Finder Screenings helps get the word out on indies

“The real problem with independent films isn’t so much making them — although that can still be challenging — it’s finding distribution,” says Stephen Gyllenhaal, director of “Paris Trout” and “Waterland” and chairman of the DGA’s West Coast Independent Directors Committee.

That’s where the guild’s Directors Finder Screening Series comes in. From its 1998 inception through last month, the series screened 77 films, 33 of which (a rate of roughly 43%) have found distribution, says Elizabeth Stanley, the org’s assistant exec director. Eight films went theatrical and 15 to prepay or basic cable television, and 19 to DVD/video. The program’s success prompted the IDC East to replicate the program in New York.

“The DGA isn’t in the business of film distribution. However, this series allows our members to show their films the way they were meant to be seen in professional screenings for distributors and other invited guests,” Stanley says.

“The DGA isn’t in the business of film distribution. However, this series allows our members to show their films the way they were

meant to be seen in professional screenings for distributors and other invited guests,” Stanley says.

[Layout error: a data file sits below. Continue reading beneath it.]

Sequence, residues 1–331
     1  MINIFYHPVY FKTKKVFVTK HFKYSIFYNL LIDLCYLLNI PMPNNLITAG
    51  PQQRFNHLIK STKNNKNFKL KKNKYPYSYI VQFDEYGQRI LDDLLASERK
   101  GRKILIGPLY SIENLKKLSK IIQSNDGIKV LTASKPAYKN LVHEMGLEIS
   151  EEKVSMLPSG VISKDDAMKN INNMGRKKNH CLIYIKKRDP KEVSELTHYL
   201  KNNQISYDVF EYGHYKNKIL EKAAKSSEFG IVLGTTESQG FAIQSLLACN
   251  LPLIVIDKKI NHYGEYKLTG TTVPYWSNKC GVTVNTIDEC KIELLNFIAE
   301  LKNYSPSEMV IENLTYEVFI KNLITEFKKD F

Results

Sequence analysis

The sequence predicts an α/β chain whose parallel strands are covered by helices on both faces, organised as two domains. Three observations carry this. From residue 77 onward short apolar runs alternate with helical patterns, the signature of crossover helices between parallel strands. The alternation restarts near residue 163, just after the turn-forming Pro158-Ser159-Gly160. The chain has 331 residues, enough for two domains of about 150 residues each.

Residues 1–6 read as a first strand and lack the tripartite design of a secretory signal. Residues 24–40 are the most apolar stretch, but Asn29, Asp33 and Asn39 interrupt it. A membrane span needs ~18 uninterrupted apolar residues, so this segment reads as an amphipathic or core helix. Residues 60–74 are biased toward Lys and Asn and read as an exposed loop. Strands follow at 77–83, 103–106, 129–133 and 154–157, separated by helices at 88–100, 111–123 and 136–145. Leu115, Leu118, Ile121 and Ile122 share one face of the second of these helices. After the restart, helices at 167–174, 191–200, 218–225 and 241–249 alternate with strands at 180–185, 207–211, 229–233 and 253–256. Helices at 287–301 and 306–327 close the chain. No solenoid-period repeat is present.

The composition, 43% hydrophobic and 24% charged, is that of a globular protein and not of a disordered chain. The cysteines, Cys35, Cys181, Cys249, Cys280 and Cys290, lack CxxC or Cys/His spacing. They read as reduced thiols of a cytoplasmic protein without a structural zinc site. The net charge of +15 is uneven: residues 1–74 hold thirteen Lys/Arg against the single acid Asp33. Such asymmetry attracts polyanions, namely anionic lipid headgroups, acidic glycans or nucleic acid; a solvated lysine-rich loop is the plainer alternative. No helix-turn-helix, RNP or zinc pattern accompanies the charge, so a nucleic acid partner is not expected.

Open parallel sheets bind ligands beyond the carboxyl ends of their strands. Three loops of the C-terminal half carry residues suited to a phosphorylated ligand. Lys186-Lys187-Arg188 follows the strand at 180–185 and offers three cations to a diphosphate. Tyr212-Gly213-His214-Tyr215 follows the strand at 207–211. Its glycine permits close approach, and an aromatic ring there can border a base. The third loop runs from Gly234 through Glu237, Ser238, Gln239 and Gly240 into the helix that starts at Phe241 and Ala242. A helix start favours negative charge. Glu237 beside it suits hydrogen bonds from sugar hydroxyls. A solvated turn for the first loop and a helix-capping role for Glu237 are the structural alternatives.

Generally, there are two screenings held each month, usually on Friday afternoons in the 155-seat theater at the guild’s Sunset Boulevard HQ. The films are chosen through a lottery system and the series is available to Directors Guild of America members who have made features and have not received any form of domestic distribution (outside of festivals) in the U.S.

“The Directors Finder series is a valuable tool for our members but it also provides another outlet for filmmakers’ voices and that’s good for the filmmakers and film audiences,” says Gyllenhaal.

Another film series focuses on the influential voices of the 1960s, ’70s and ’80s. Under the Influence debuted in May 1998 with a screening of Independent Directors Committee member George Hickenlooper’s “Monte Hellman: American Auteur,” followed by Hellman’s cult classic “Two-Lane Blacktop” and a discussion between Hellman and Allison Anders. Since then there have been 14 screenings, including “Drive, He Said” with director Jack Nicholson and Alexander Payne.

The DGA East kicked off its series in March with a screening of “Network” and a discussion with Sidney Lumet and filmmaker Raymond De Felitta, co-chairman with Steven Soderbergh of the IDC East.

“There’s a certain kind of discussion that happens when you have a director talking to another director,” says Stanley. “The UTI screenings are inspirational and instructive on the art and craft of filmmaking and a great way for filmmakers to interact with each other.”

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